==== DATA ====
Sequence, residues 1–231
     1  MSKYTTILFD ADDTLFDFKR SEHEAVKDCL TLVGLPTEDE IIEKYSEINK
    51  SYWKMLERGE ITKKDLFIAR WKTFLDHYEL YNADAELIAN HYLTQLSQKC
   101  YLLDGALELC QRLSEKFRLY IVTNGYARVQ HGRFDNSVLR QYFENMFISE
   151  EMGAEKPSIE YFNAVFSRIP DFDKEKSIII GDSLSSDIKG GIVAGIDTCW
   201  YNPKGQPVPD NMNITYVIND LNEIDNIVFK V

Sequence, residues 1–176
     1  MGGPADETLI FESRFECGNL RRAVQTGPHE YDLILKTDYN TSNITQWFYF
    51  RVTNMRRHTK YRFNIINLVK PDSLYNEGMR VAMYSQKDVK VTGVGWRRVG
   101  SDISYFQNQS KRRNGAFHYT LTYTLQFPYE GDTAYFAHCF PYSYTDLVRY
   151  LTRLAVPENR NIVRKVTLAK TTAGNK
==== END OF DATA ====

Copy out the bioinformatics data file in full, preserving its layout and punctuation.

Sequence, residues 1–231
     1  MSKYTTILFD ADDTLFDFKR SEHEAVKDCL TLVGLPTEDE IIEKYSEINK
    51  SYWKMLERGE ITKKDLFIAR WKTFLDHYEL YNADAELIAN HYLTQLSQKC
   101  YLLDGALELC QRLSEKFRLY IVTNGYARVQ HGRFDNSVLR QYFENMFISE
   151  EMGAEKPSIE YFNAVFSRIP DFDKEKSIII GDSLSSDIKG GIVAGIDTCW
   201  YNPKGQPVPD NMNITYVIND LNEIDNIVFK V

Sequence, residues 1–176
     1  MGGPADETLI FESRFECGNL RRAVQTGPHE YDLILKTDYN TSNITQWFYF
    51  RVTNMRRHTK YRFNIINLVK PDSLYNEGMR VAMYSQKDVK VTGVGWRRVG
   101  SDISYFQNQS KRRNGAFHYT LTYTLQFPYE GDTAYFAHCF PYSYTDLVRY
   151  LTRLAVPENR NIVRKVTLAK TTAGNK